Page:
Cassini Mission

Physicist David Southwood on the history of the Cassini mission, landing on Titan and why does humanity need to explore space

videos | March 26, 2020

The Cassini mission occupied half of my career. I first started working on a mission to go to Saturn with a lander, to go to the moon of Saturn called Titan in the early 1980s. I never thought it would take as long as it did. Of course, it is probably the most wonderful thing that ever happened in my life. This was a major mission from the Earth to Saturn, a robotic mission with a lander to go to Titan. When we began in Europe, the idea of being deeply involved with planetary exploration was somewhat foreign. By the end, I think, the Cassini mission and what followed have left Europe very firmly doing planetary science. There isn’t any doubt in anyone’s mind.

But the other important thing about Cassini is the fact that it was an international cooperation: it started off, as you may deduce from the dates, during the Cold War, and so it was a cooperation between the United States and Europe through the European Space Agency. However, during the gestation of the mission and as the mission progressed, the Cold War ended, and so by the end of the mission, it was a world mission with involvement from all over Eastern Europe as well as Western Europe, the United States, and elsewhere in the world. For me, it’s a model of international cooperation: for me outer space belongs to everybody. I don’t really care about politics, and so Cassini, as far as I’m concerned, did an enormous amount to bring scientists together.

Of course, it also was a political challenge because Europe was not really deeply involved in planetary exploration in 1982. So, for European scientists, the first thing was to establish a level of trust with the Americans, and the second thing was to establish how we would get the money from our European research masters. We knew that we had to do something very important; we could not just come along and say, ‘We’re helping out the Americans’; we had to say this is a true partnership. To be honest, the obvious thing was the landing on Titan.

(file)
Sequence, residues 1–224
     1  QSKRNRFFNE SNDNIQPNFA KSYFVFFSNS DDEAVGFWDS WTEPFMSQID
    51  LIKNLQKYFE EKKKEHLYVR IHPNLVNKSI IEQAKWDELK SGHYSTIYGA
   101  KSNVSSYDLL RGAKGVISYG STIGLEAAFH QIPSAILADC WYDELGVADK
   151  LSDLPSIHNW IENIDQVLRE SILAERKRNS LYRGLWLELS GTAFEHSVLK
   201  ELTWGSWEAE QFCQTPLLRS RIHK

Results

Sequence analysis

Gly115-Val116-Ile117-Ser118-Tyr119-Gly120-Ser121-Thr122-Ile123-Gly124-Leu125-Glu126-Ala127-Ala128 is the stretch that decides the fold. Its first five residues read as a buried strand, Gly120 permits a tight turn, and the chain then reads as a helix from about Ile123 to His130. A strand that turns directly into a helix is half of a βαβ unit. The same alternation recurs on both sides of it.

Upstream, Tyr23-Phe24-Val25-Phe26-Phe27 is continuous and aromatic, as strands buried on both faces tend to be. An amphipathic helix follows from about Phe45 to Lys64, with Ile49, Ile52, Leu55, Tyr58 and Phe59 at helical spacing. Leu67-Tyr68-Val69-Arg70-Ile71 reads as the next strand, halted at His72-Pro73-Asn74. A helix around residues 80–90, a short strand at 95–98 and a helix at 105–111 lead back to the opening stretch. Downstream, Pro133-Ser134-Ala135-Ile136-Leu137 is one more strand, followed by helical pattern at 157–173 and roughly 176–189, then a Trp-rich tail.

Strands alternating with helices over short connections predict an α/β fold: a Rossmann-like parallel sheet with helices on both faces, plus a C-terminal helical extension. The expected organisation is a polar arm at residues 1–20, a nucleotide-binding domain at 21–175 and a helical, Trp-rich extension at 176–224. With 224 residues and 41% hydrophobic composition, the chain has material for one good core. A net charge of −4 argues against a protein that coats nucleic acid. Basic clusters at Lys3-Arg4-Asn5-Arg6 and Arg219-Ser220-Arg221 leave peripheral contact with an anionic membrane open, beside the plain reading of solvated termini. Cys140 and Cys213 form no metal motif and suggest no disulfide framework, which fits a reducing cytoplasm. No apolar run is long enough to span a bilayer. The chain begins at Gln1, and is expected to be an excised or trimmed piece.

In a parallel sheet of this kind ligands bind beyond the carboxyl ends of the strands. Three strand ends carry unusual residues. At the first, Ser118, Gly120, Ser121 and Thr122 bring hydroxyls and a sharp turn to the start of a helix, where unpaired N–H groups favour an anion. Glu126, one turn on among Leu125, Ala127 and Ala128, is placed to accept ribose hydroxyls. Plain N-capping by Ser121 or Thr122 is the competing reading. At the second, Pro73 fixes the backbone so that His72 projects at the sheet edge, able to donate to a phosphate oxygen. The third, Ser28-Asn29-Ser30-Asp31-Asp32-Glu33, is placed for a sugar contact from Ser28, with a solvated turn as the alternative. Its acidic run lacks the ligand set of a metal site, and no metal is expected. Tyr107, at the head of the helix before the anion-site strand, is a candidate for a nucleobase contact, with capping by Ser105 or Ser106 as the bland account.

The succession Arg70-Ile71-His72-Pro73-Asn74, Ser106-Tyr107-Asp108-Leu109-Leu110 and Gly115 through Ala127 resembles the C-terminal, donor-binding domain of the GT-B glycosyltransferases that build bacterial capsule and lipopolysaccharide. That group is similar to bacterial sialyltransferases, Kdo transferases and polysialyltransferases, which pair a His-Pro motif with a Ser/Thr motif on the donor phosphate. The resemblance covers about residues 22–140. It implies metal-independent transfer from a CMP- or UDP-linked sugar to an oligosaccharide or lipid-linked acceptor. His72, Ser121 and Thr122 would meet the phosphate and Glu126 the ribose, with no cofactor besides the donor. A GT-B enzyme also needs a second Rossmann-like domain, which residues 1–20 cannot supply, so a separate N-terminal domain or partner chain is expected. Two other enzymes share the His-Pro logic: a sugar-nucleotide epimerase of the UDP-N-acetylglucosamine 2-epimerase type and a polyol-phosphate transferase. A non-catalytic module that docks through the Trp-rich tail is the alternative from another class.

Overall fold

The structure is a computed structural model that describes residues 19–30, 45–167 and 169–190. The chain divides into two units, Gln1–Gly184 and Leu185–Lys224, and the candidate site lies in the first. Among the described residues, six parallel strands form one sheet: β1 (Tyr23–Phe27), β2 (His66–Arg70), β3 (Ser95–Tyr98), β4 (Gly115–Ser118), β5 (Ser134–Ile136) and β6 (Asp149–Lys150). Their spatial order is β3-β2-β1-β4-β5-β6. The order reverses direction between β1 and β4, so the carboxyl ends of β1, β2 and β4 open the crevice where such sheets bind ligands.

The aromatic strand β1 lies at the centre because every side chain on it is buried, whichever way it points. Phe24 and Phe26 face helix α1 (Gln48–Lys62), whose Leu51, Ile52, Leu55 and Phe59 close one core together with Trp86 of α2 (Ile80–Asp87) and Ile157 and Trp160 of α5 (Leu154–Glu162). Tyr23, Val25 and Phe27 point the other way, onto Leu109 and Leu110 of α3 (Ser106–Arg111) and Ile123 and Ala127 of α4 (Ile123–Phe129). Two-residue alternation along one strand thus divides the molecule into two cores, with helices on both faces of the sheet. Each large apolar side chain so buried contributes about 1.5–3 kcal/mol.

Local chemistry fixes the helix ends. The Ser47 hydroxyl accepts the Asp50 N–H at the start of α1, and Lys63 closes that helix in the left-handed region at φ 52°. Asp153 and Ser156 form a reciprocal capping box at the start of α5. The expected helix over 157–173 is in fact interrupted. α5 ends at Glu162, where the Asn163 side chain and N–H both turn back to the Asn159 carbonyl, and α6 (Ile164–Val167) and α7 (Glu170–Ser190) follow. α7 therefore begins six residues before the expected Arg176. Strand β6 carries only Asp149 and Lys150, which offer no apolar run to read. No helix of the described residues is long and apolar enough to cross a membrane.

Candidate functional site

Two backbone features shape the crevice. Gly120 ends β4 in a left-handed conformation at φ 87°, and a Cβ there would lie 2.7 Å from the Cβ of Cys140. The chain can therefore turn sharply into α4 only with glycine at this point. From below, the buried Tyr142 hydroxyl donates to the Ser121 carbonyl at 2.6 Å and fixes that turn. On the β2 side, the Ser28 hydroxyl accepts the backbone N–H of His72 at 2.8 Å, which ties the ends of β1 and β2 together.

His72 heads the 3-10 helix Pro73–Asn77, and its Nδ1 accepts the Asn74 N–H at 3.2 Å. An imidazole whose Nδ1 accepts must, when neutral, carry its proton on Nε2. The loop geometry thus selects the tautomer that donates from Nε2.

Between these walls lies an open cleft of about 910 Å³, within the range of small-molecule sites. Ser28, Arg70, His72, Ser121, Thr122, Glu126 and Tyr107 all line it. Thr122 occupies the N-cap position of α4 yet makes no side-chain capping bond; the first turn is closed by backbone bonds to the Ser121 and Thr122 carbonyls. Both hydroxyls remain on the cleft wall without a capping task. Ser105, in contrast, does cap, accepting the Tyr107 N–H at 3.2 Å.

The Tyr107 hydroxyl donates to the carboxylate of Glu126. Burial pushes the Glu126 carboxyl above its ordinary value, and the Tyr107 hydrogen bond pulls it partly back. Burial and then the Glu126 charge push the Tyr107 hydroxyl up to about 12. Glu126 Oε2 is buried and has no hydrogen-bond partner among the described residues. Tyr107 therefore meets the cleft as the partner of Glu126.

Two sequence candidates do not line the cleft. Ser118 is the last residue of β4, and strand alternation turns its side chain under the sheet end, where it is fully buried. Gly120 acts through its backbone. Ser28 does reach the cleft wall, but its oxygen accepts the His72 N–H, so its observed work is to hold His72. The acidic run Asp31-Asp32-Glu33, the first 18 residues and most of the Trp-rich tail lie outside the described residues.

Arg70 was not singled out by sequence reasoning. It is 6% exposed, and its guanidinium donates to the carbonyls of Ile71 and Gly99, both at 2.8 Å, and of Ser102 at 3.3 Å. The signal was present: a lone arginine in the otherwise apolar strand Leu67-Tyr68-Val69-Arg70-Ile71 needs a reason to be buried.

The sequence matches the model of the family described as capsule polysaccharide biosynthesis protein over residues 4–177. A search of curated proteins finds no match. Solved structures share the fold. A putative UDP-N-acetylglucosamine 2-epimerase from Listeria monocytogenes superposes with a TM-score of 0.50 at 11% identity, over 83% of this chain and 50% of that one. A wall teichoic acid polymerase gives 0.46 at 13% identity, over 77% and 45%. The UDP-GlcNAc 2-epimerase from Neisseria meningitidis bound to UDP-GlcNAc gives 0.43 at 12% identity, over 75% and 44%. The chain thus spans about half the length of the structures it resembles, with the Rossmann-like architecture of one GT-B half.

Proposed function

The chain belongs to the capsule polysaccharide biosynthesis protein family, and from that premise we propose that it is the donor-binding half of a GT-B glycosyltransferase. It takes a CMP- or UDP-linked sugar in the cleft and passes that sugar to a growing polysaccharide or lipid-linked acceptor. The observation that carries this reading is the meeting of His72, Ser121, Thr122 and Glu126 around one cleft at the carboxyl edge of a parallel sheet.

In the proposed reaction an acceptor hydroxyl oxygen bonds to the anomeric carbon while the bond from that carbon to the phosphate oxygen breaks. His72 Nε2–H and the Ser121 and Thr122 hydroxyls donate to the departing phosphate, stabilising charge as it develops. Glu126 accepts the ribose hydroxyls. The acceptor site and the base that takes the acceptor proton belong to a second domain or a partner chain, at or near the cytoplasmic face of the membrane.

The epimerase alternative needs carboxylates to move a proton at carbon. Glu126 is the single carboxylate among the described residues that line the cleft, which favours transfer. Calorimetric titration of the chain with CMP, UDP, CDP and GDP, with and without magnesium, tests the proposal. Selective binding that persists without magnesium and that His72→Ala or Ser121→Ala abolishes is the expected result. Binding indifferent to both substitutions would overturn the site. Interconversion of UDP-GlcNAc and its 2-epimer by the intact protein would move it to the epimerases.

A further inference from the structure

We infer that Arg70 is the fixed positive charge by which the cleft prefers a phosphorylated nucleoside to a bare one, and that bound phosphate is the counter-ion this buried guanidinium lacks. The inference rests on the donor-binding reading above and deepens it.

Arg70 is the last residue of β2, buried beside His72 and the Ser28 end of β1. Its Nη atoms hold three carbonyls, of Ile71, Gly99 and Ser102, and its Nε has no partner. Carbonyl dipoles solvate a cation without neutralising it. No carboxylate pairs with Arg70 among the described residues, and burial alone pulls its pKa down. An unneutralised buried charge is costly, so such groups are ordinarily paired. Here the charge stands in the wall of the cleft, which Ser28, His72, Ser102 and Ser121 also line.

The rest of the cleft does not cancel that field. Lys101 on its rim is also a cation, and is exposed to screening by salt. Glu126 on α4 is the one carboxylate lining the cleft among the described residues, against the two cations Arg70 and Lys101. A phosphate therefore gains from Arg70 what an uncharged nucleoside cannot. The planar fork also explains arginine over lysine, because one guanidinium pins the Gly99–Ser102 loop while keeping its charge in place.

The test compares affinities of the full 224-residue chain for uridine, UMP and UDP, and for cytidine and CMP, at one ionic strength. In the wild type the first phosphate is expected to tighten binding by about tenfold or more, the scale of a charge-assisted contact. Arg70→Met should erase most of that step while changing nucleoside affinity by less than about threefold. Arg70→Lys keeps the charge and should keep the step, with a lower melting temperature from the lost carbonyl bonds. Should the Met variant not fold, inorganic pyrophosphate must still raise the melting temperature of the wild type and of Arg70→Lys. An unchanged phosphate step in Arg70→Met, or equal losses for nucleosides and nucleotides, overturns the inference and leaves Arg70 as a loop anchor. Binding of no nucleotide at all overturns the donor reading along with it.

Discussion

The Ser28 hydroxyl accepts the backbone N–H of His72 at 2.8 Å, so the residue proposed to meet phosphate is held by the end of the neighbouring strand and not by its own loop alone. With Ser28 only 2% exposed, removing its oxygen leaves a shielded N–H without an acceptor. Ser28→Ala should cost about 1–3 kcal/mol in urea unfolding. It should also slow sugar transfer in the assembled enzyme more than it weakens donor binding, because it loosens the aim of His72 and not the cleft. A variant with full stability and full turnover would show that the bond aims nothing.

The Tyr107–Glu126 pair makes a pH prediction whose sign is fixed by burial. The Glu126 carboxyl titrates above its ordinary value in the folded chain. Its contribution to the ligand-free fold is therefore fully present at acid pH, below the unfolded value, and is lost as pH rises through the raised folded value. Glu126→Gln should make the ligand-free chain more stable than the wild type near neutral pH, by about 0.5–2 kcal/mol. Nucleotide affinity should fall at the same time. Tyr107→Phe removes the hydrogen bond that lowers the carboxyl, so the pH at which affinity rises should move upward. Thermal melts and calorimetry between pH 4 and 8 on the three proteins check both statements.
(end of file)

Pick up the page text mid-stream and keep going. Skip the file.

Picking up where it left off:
Astronomer Jean-Loup Bertaux on the Doppler Shift, HARPS-spectrograph, and the habitable zone.
Titan is the largest moon of Saturn; it’s the largest moon in the Solar system. It’s an incredible place because its atmosphere is very similar to what we have on Earth: nitrogen is its primary constituent. If you think about Earth, that’s the same. What it lacks is oxygen, but it has a lot of chemicals that are compounds of carbon, hydrogen and nitrogen, and some of those contain oxygen. But inside Titan, in the body of the moon, there is a large amount of oxygen. So it immediately was an interesting place: no other moon has an atmosphere, and this atmosphere is a little like the atmosphere of the Earth at the beginning of the Solar system.

So, as well as a trip to the outer Solar system, this was, in a sense, a trip back in time to probably what our atmosphere might have looked like at Earth perhaps a billion years after the Earth was born, three and a half billion years ago. We realized we could sell the idea of Europe being responsible for visiting Titan. Of course, our American colleagues said, ‘Whoa, no-no-no, this is so important, we have to do it’, but of course, we said, ‘Look, we need to demonstrate that we in Europe are doing frontier science. It’s going to cost us a lot of money; we have to have your trust’. And indeed they agreed that we could do it. In the end, we managed to persuade both the European Space Agency and NASA, the American Space Agency, to come together in 1989 and approve the mission. So it took us seven years to get that far.

We then had a selection of instruments, and I built an instrument for the mothership, for the American Cassini spacecraft, and we started building the Huygens Lander in Europe. We finally launched in 1997, so that’s another eight years: 15 years since we started, and then, of course, it took seven years to get to Saturn and we did science on the way.